When the Death Penalty Hits Home

As the Troy Davis case takes over the news, one writer can't help thinking of her cousin on death row.

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Mark MacPhail's family say they're not out for blood, only justice. I simply don't believe in that type of justice. Justice covered in blood is just as wrong as the crime for which it seeks punishment. Those who disagree with me will no doubt shout, "But what about the victim?!" I say that capital punishment creates victims of us all. An eye for an eye just makes everybody blind.

In the last 20 years, I've gotten maybe five letters from Tony, always written in sharp, daggerlike scrawl across each page in impossibly neat diagonal lines. I've written back maybe once or twice. Most years it's easy to forget that my cousin, someone I used to know, is on death row. That during the entirety of my adult life, Tony's been waiting to die. I'm out here living, as is the rest of the free world.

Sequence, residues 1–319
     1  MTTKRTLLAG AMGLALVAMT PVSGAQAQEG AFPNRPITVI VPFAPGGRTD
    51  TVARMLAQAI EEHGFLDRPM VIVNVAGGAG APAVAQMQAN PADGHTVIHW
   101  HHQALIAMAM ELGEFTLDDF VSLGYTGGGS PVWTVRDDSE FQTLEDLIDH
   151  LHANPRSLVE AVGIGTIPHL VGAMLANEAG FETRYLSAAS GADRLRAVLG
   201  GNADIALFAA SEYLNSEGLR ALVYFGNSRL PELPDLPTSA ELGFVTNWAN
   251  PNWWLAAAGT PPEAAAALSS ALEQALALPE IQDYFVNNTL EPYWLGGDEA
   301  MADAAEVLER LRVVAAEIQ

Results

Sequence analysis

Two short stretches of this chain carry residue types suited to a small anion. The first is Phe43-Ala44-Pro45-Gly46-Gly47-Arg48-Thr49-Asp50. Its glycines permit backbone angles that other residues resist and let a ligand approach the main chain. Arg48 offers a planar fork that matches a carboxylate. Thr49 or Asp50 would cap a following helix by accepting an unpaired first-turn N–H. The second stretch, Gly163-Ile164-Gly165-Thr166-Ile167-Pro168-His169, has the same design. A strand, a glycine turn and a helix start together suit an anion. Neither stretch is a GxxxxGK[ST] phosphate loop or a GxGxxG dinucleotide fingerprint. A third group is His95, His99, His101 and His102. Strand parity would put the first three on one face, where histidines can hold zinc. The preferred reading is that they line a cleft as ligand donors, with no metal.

In a letter recently released online, Davis, a man many now believe is innocent, spoke for himself and called for a global dismantling of the death penalty. "I can't wait to stand with you, no matter if that is in physical or spiritual form, I will one day be announcing, 'I AM TROY DAVIS, and I AM FREE!' "

Helena Andrews is a regular contributor to The Root and author of Bitch Is the New Black, a memoir in essays. Follow her on Twitter. 

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Helena Andrews is a contributing editor at The Root and author of Bitch Is the New Black, a memoir in essays. Follow her on Twitter.